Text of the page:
Logistical Tips for First-Time Podcasters

There are more than 1,000,000 podcasts out there with more than 30,000,000 episodes. To say that podcasts are popular would be like saying oxygen is important—an understatement. Why are there so many? Well, as long as you have a microphone and something to say, you can be a broadcaster overnight. It’s easier to start a podcast than to, say, start a radio station or a video channel.

But just because it’s easier doesn’t mean it’s easy. There can be a lot of barriers in the beginning. Anyone can start a podcast, sure, but few podcasts find the success they want and may flounder and flop out of frustration before they even launch. 

At Elevate My Brand (EMB), we released our first-ever podcast in January 2020: Elevate Your Brand. We had our fair share of hurdles, but now we have hundreds of downloads per month and we’re more than 20 episodes deep. If you want a podcast to call your own, we can help!

Before You Start

Once you have an idea, it’s natural to want to start right away. Resist the impulse. Unless your podcast is simply going to be for fun, you need to strategize. These are our top tips to get you started in the right direction.

Choose a Content Niche

With so many podcasts out there, you can’t be generic. It’s all about the angle. Know your strengths and experience, and rely on personality if you can. A podcast about beauty products has been done a hundred times before, but a podcast about a chemist reviewing beauty products has more potential to grow an engaged, niche audience. Just make sure that you aren’t too niche because you need to plan out a couple months of content in advance. 

Invest in Infrastructure

You want the podcast to be polished, so make sure your equipment is up to the task. Choose a microphone that meets your budget and your sound needs. You may also want to purchase acoustic panels to reduce noise and echo, which will make editing easier. And speaking of editing, select a software and learn how to use it in advance. Knowing its capabilities and limitations will inform how you record. You also need to know which web host you’ll use to share the podcast with platforms such as iTunes, as well as how you’re going to design the podcast graphics.

Maintain a Master Doc

I strongly suggest making and maintaining a master document with all of the logistics. Not only will it allow you to remain consistent, but as your podcast grows, it will let you onboard new people with ease. At EMB, our master document includes a timeline that outlines the process from inviting guests to preparing the podcast room to publishing the episodes. Our doc also includes email templates and editing tips and tricks. We have a separate spreadsheet to track each episode, including which guests have submitted their bios and headshots, and when the episode releases.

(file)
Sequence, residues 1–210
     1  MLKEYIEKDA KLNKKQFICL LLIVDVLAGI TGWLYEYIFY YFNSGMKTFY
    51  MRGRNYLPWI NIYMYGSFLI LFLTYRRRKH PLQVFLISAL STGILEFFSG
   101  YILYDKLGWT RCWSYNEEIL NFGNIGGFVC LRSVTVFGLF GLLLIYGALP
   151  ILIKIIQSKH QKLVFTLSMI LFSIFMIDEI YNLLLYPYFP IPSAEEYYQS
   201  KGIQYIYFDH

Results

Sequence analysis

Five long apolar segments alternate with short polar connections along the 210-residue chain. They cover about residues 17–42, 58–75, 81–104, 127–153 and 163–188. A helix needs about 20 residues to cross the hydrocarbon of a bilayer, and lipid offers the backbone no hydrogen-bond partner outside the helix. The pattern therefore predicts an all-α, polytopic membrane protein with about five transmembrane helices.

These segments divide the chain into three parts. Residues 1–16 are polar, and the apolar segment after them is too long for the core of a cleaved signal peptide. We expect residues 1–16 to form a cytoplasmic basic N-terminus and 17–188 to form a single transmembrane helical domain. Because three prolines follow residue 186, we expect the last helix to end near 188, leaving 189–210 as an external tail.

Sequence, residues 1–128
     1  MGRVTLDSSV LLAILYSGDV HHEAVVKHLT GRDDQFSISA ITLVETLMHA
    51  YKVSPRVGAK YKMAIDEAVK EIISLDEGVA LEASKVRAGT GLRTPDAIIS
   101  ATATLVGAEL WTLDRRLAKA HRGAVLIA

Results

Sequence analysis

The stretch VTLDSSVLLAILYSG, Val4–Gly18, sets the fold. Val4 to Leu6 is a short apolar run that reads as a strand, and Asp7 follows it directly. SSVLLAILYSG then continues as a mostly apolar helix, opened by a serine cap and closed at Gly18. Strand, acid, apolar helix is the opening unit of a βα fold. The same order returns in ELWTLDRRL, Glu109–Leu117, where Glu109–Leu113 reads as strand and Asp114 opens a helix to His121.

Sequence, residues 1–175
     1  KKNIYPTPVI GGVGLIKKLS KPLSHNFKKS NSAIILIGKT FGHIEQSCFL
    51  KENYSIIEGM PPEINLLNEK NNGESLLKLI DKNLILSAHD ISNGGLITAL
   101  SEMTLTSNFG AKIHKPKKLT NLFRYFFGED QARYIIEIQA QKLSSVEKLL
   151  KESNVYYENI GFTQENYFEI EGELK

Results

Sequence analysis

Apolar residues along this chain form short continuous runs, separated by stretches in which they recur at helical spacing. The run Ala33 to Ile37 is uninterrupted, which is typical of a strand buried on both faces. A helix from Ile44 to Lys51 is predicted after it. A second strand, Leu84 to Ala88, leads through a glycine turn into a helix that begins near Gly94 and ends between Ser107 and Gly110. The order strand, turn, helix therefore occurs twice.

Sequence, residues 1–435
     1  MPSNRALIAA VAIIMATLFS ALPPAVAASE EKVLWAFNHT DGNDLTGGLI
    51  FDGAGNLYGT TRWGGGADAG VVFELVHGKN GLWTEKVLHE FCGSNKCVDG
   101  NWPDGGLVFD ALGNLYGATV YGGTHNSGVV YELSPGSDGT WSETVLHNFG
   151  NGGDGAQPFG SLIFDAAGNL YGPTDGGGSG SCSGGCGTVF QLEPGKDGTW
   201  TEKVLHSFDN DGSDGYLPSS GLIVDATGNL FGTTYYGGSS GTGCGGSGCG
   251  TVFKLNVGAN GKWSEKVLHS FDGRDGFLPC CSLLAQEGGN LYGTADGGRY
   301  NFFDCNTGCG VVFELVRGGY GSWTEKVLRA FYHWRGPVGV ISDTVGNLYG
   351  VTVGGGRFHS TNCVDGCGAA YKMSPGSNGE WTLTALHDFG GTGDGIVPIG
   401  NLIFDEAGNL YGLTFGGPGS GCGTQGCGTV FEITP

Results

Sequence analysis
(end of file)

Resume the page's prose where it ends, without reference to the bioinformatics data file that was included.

Set Sharing Guidelines

People can’t listen to the podcast if you don’t share the episodes. Have an internal plan for when and where you’ll share each episode. Your social channels are a good start, but include email and your website as well. When you contact the guests to let them know their episode is live, you’ll want to give them sharing guidelines, too. Tell the guests where to share the episode and how (i.e. which hashtags to use and how soon to post), and always encourage them to subscribe and leave a review on the platform of their choice.

Expect the Unexpected

No matter how detailed your plan, you can’t expect the unexpected. What you can do, though, is think about the types of issues you may encounter and develop a plan for how to manage them. Did four guests show up instead of one? Does your guest want to change the publication schedule? Did your guest show up 20 minutes late and now you have no time to record? Thinking and planning for these issues up front will reduce the overall stress and keep you more organized. 

Wait Until You’re Ready

If it’s your first podcast, you’ll probably never be 100% ready. You can’t know what you don’t know, and at some point, you have to channel Nike and just do it. But don’t rush it either. You want to make sure your podcast and process seem professional, and you don’t want to over-promise or under-deliver. I recommend your first guest be a close friend or colleague in case there are hiccups. 

After You’ve Found Success

Even if you follow these tips, there will be bumps in the road, and that’s okay. What’s important is that you prepared and that each hurdle can be transformed into opportunity. As podcast pros, we’re well equipped to help you embrace that opportunity. If you need a consultation, or if you need social media management or public relations assistance to put your podcast out there, give us a call!

Cody H. Owens, Account Executive
Elevate My Brand

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